Among other matters, independence for Bougainville will require an adequate economic base, appropriate physical infrastructure, trained and skilled manpower resources and the establishment of strong public sector institutions.

Australian financial advisers have informed us that Bougainville currently has an internal revenue base of only K20 million.

To maintain itself as a viable nation-state, Bougainville, with a population of about 300,000 people, will require much more money than that to sustain itself domestically and to maintain its activities overseas.

PNG envoys tell me that even our country struggles to maintain its missions in Australia and elsewhere in the world.

Apart from political and economic considerations, I am reminded of a philosophical question Professor Ted Wolfers asked me almost 20 years ago: ‘Are Bougainvilleans more different from Papua New Guineans than Sepiks or Tolais or Engans?’

In other words, do Bougainvilleans constitute a unique ethnic group and, if so, what criteria should we use to distinguish this particular ethnic group from the rest of PNG?

The burden will be on PNG parliamentarians to determine how to appease Bougainvilleans without causing Papua New Guinea to disintegrate.

That said, I believe that parliamentarians should be given the freedom to vote according to their conscience rather than following party lines or bending to some other external pressure to vote in a particular way.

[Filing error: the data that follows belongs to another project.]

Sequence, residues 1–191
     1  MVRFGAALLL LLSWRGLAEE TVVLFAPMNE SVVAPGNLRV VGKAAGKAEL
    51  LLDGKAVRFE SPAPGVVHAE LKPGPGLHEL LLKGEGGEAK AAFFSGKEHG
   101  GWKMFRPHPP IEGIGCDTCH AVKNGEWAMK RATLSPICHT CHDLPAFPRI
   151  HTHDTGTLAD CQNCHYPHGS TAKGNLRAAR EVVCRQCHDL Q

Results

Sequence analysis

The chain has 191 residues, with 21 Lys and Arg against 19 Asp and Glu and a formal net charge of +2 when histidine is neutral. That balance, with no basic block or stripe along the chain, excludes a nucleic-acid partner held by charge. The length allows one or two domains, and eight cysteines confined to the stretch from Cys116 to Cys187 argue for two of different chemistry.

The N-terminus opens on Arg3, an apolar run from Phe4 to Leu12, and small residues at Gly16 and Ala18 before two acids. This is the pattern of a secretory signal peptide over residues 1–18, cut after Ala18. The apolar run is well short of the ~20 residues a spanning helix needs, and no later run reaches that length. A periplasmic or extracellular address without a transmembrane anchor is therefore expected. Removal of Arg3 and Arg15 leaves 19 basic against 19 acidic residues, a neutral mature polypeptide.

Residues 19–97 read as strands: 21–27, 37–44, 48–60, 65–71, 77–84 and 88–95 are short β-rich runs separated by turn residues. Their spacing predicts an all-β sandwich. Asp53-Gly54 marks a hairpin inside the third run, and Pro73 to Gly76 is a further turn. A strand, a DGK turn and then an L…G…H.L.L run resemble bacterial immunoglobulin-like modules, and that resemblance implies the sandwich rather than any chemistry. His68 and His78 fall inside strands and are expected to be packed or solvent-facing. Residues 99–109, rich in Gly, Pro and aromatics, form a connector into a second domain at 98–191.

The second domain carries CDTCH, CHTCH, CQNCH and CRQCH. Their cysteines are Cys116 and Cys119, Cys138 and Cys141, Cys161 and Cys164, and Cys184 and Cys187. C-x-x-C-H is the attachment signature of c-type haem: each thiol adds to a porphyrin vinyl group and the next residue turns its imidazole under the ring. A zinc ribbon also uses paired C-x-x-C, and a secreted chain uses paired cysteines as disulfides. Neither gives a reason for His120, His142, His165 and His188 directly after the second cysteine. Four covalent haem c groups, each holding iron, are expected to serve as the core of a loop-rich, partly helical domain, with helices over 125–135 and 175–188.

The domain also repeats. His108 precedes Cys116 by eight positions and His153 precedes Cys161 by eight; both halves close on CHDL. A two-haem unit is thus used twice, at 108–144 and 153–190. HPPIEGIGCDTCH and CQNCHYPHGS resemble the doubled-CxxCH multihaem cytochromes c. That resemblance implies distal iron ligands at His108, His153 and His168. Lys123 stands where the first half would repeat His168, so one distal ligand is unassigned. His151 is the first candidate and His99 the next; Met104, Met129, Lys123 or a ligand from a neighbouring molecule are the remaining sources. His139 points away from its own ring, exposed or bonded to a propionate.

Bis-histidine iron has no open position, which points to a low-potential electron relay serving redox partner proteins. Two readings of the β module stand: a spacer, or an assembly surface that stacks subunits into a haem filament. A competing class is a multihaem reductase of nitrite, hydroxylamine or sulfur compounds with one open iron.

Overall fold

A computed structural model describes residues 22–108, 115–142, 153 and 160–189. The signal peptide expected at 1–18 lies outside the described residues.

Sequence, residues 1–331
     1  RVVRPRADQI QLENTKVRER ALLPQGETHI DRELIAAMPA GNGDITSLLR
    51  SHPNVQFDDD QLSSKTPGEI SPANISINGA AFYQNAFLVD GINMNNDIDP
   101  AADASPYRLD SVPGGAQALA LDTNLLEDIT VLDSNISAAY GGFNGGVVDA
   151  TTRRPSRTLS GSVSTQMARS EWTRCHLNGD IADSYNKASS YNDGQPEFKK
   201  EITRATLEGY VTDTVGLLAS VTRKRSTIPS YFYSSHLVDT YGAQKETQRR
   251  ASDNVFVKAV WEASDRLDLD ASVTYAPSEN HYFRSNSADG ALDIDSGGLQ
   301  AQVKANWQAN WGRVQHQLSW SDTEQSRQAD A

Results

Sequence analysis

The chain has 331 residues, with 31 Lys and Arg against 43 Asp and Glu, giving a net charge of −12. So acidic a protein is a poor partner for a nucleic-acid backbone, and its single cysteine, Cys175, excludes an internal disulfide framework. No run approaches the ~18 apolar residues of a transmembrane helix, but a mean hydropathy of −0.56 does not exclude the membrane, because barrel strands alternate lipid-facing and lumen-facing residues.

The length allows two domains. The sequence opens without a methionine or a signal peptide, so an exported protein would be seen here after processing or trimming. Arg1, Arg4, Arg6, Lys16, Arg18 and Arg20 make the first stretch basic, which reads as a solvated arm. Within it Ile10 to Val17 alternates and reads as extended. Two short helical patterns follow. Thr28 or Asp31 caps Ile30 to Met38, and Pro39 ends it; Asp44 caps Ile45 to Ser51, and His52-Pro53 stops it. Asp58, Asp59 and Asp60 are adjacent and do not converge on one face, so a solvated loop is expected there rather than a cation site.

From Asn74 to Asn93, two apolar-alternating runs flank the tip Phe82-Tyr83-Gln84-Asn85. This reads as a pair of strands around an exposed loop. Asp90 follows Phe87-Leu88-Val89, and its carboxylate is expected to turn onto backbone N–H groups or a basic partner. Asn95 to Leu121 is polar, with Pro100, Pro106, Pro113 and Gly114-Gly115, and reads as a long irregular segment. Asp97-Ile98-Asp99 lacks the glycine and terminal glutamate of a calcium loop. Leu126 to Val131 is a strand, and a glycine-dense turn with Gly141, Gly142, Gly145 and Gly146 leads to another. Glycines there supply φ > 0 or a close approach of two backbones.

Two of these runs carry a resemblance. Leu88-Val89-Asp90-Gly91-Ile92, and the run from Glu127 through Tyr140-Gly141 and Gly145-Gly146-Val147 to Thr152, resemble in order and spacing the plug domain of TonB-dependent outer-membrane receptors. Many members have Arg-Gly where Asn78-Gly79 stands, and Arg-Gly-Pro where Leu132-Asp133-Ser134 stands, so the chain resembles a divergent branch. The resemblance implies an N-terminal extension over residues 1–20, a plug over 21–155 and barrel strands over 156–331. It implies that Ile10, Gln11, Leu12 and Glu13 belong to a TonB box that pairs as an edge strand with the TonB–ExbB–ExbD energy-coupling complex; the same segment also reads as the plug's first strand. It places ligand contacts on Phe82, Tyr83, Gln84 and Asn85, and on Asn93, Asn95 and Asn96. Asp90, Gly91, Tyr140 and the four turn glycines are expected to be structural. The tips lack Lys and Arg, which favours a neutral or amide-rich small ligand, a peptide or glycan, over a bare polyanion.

Any member of parliament who would sell his vote would be selling his country. This MP would be just as guilty as the one who grants resource development licenses in exchange for money.

I hope this will not happen when parliament sits at some stage to vote on the future of Bougainville.

Sentimentally, Papua New Guineans should appreciate the fact that at a crucial stage in the history of PNG, Bougainville – through its resources - carried the rest of PNG on its back.

The single copper, gold and silver mine provided enough money to sustain the whole country as it moved towards independence from Australia.

Today, of course, we have so many mines and oil and gas fields. But we probably could not support the country again like Bougainville did because much of the country’s wealth has been stolen by PNG’s leaders.

We would be much better off today had we protected our wealth from our crooks.

Is it perhaps now time to say thank you to Bougainville for its contributions to PNG? Or would an act of gratitude backfire on PNG in a nasty way?

For example, will the granting of independence to Bougainville open the floodgates for other provinces to break away from PNG?

Maybe we can identify some middle ground between where Bougainville is today, a province of limited autonomy, and Bougainville as an independent state.

There must be position of greater autonomy between those two jurisdictions.

And there are cases of countries existing in free association with each other – like the Cook Islands and New Zealand - or having considerable autonomy but maintaining representation elsewhere – like Palau and the USA.